Shively also was instrumental in the development of Red Dog during 17 years working for NANA Regional Native Corp., owner of the land where the high-grade zinc deposit is located.

“Of all of the things that I have done in my career up here, Red Dog is one of the things I am proudest of,” Shively said. “It is an excellent example of what you can do with mining, and it is an outstanding example of what you can do with local hire.”

Out of balance

Shively said the use of litigation to block projects is not unique to Alaska or the mining industry. From an airstrip at the Seattle-Tacoma International Airport in Washington state to a bridge in Washington D.C., lawsuits are being used as tools by NGOs to block projects across the United States, he said.

The Pebble CEO told the crowd that the litigation and appeals process in the United States is balanced in favor of the NGOs trying to stop development in the country.

He said the only reward a company receives by winning litigation is the right to continue with the project it had in the beginning, yet if the company is defeated in court it stands to lose the project and the money invested in it. On the other hand, the worst case scenario for the NGO is a delay in the project it opposes, and in the best case it stops the project and the litigant gets paid.

The Pebble leader said the groups bringing the lawsuits usually litigate several issues in a single suit in the hopes that one will stick. He said these litigants need to be held financially liable for every issue they lose.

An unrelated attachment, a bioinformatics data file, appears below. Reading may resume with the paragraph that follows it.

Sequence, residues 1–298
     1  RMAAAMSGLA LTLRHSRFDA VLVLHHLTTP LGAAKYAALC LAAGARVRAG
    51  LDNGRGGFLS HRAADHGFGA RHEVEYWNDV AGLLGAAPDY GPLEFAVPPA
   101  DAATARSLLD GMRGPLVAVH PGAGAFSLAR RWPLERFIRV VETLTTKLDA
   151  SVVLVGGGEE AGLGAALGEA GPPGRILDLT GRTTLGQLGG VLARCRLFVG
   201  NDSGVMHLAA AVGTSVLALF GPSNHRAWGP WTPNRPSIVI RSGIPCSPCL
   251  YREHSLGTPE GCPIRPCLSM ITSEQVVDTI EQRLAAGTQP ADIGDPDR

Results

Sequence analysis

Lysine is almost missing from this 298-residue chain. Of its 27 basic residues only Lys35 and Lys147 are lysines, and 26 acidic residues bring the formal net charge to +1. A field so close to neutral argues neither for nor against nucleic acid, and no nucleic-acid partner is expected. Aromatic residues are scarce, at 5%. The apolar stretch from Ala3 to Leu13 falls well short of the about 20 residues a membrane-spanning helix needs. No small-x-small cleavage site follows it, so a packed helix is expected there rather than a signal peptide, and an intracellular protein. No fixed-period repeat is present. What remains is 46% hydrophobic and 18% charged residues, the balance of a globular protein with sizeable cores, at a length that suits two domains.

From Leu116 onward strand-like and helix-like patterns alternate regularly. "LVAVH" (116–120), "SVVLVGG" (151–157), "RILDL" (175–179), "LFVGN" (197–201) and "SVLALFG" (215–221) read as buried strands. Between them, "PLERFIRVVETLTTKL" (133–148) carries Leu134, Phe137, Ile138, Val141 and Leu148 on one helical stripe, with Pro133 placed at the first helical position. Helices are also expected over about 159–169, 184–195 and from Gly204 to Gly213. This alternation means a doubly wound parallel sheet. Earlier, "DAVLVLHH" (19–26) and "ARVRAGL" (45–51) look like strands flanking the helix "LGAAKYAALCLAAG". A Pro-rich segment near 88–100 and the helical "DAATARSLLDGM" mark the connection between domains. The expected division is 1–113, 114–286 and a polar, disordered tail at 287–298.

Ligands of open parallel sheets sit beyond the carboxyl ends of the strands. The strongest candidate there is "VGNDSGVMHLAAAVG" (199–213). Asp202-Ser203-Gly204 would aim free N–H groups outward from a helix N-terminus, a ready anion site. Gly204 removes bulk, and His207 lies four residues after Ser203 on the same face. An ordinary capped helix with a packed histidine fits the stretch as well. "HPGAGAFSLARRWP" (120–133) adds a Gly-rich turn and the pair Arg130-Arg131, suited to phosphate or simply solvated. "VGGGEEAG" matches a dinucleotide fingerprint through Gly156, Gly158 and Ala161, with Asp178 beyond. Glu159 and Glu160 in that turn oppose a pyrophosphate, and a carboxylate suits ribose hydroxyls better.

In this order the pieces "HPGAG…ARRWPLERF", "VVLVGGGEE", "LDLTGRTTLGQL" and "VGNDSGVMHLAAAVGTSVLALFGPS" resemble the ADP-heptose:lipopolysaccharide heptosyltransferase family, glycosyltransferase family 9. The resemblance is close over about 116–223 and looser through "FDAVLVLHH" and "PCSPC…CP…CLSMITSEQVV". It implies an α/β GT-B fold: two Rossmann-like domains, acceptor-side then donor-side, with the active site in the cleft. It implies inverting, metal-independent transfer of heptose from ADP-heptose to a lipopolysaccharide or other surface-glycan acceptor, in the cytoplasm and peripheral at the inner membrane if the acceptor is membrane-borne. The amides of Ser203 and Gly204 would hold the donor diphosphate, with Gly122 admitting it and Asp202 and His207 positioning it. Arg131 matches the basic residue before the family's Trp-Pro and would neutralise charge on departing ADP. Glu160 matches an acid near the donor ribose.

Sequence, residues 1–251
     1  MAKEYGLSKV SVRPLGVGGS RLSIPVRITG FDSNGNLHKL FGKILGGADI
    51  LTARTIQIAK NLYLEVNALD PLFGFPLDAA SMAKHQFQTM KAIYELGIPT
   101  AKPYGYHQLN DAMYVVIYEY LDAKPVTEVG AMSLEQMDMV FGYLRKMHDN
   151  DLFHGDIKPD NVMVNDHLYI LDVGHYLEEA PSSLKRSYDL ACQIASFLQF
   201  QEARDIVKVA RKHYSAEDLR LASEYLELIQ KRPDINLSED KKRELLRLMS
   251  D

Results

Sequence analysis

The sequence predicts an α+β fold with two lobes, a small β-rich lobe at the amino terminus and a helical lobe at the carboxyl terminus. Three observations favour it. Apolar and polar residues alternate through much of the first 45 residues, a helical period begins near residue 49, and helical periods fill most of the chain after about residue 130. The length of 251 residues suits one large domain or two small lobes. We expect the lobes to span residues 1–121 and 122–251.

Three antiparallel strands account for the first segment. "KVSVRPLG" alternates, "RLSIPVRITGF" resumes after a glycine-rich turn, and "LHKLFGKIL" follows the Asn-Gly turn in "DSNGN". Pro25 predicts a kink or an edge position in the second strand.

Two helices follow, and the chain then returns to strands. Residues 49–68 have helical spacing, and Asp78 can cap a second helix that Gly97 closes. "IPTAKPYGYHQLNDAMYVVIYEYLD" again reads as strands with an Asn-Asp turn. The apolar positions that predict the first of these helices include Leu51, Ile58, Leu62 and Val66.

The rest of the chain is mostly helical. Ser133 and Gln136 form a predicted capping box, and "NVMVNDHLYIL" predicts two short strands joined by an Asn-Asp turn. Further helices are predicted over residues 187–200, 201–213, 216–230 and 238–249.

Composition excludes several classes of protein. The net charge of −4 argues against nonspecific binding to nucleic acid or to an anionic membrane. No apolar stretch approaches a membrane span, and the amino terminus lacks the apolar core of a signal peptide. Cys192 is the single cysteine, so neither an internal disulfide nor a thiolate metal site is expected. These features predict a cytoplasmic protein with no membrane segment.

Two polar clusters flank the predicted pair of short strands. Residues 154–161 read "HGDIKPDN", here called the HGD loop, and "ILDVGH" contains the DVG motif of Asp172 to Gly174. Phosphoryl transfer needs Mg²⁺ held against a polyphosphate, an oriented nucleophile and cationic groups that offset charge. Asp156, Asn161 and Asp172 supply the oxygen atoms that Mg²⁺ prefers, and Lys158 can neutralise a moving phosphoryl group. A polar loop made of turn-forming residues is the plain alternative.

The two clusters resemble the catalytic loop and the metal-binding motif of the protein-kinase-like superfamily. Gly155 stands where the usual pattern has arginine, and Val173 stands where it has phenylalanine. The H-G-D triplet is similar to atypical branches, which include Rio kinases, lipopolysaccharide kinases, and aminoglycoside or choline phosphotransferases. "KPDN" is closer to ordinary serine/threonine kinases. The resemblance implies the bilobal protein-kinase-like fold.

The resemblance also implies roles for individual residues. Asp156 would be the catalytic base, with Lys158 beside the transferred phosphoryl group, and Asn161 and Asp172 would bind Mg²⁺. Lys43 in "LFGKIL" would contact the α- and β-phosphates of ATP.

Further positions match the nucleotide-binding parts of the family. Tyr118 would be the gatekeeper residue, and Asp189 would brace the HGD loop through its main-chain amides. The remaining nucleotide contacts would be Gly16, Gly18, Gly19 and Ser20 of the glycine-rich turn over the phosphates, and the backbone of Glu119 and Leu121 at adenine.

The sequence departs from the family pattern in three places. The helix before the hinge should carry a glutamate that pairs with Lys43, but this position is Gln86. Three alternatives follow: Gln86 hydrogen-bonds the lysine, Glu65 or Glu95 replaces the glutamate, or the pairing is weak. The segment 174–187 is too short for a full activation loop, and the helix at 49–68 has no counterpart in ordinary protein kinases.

“If someone has 12 issues and they only win one, they ought to get a little compensation for the one, but they also should have to pay the government and the developer something for the other 11. It might make them think twice and it might take some of the clutter out of the judicial system,” Shively said, drawing a round of applause.

He said the groups should be held similarly responsible for permit appeals.

“People get a free ride when they appeal and that should stop,” the mining executive said. “Those of us who go and work on permits; we pay for a lot of what government does when our permits are being processed. There is no reason that people who appeal also should pay.”

In addition to tort reform, Shively said NGOs should be required to report how they are funded.

“If they are public interest groups the public ought to damn well know where their money comes from,” he said, raising another round of applause.

The Pebble CEO said the most important solution to repairing the issues facing the state and national economies is the education of our youth. He said the school systems all too often teach the kids about the evils of resource extraction, but the students are seldom exposed to the importance of those resources to everyday life and the economy.

“I think all these are very serious issues; they are clearly serious for the state, I think they are serious for the nation. I think that if we don’t do something about these kinds of issues, if there aren’t some changes made, in my lifetime we will drive this nation into being a Second World country and that would be tragic,” Shively concluded.